Originally published in The Weekly Packet, June 12, 2014
BHHS graduates urged to keep ‘their hearts and their passion’
The Blue Hill Harbor School of Blue Hill, Maine graduated its class of 2014 on June 6. From left, Nicholas Ira Wood, Jacqueline Alice Caswell, Julien Kilday Livingston Wilder, Rebekah Lynn Bubel, Derek H. DeRaps and Bridget Ann Limeburner.
by Anne Berleant
On June 7, six Blue Hill Harbor School graduates marked the end of their secondary education at a commencement that was long on humor and short in length.
“What kind of talk would this be if it wasn’t about the zombie apocalypse?” asked student adviser Daniel Hays, chosen by the graduates as their guest speaker.
Rebekah Lynn Bubel, Jacqueline Alice Caswell, Derek H. DeRaps, Bridget Ann Limeburner, Julien Kilday Livingston Wilder and Nicholas Ira Wood received their diplomas, and a copy of the Dr. Seuss classic Oh, the Places You’ll Go from principal Joshua Jones and lead adviser Andrew Dillon.
The two graduates who chose to speak struck serious tones in the final words of their high school careers.
The small, alternative high school “gave me everything I needed to change myself,” said Wilder.
“If it wasn’t for my family and friends…telling me to keep going, I wouldn’t be here,” said DeRaps. “There was a lot of road blocks, but I made it—surprisingly…[Blue Hill Harbor School] really helped me put things in perspective.”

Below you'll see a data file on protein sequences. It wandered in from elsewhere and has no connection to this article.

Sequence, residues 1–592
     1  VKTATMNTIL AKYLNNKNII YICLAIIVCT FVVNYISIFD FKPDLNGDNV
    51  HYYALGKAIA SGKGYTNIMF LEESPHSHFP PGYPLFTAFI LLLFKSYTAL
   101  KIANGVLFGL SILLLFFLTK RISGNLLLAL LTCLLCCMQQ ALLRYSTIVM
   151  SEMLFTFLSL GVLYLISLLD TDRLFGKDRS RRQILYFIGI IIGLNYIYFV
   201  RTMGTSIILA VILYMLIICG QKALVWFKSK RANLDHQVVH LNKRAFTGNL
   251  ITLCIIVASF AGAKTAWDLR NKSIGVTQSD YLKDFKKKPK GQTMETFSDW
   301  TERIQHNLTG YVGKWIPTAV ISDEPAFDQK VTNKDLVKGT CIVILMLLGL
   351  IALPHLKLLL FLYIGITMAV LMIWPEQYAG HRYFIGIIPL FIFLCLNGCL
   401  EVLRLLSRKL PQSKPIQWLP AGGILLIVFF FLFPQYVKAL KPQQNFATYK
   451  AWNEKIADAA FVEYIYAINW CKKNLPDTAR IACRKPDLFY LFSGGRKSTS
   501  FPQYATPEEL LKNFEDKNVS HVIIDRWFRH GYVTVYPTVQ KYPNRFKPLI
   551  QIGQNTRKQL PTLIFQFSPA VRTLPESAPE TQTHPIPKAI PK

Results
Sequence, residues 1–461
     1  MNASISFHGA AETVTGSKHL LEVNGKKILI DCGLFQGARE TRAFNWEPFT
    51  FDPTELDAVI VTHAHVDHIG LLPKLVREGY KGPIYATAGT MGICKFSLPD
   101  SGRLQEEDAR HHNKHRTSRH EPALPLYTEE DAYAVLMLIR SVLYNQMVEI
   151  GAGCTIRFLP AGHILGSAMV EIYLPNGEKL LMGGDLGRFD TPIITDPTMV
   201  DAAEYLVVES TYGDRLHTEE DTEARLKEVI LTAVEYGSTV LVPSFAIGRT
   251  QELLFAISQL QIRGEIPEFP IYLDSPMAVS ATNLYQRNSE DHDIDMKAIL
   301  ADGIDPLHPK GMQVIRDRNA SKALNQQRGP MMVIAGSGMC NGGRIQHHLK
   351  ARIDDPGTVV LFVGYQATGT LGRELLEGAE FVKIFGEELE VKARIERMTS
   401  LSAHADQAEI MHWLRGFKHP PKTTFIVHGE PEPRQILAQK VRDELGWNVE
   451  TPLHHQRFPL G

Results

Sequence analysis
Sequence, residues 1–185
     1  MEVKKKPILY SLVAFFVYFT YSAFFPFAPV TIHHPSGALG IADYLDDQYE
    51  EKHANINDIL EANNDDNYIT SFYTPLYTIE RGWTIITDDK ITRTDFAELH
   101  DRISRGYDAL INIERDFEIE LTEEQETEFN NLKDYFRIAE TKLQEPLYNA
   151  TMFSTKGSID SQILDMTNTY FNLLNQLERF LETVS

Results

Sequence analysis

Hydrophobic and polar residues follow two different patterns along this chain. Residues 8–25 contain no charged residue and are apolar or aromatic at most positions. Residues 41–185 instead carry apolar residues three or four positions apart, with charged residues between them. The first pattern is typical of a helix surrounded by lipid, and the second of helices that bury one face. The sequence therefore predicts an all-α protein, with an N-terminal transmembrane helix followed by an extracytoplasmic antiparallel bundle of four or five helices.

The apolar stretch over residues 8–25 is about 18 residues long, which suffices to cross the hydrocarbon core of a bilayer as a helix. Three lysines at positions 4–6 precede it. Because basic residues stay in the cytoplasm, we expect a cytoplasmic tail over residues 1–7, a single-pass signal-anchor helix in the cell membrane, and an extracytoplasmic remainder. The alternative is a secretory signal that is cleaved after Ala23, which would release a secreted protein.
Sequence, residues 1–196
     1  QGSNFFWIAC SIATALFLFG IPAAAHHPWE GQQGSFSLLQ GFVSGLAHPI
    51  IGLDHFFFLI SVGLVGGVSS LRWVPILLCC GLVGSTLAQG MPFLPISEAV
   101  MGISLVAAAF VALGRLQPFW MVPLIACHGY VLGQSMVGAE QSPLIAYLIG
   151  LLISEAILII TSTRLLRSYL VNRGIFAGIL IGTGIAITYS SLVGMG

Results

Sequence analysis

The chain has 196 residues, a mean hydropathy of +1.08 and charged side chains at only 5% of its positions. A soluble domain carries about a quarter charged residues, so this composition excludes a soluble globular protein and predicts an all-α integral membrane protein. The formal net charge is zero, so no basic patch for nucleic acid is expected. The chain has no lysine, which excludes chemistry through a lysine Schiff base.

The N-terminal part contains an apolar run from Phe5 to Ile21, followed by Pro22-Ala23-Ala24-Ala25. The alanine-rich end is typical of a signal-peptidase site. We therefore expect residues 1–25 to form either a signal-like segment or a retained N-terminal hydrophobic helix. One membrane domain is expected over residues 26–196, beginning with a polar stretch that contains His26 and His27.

A slideshow of candid photos interspersed with statements found by the students served as the backdrop to the commencement held at Peninsula Metamorphic Arts and Learning Center. The sayings captured the philosophy behind the independent school:
“A flower does not think of competing with the flower next to it. It just blooms.—Zen Shin
“A lone amateur built the ark; a team of professionals built the Titanic.”—Richard Needham.
The Blue Hill Harbor School, which opened in 2007, uses personal learning plans and is based on the EdVisions education model.
Lead adviser Andrew Dillon spoke to the strengths of each graduate, while Hays advised, “You learn more from listening than talking,” and not to “find a ‘them’ or a ‘they’ to blame”—including, or especially, parents, “because at some point you will begin noticing that you are becoming one or both of your parents.”
Defining zombies as “how people act when they’ve given up…on their hearts and their passion,” Hayes concluded, “So, don’t be a zombie!”
Board president Ed Volkwein spoke of needing more physical space “to meet the enrollment growth” as the board’s “number one priority.” The 2014 class is the largest the school has seen graduate.
Volkwein also announced the Gay Leach Memorial Fund. Leach, who died last month, “was an important part of the board, and we lost a friend.”
Finally, speaking directly to the graduates, Volkwein said, “Each of you has a distinct calling…but a calling will do nothing until you answer it.”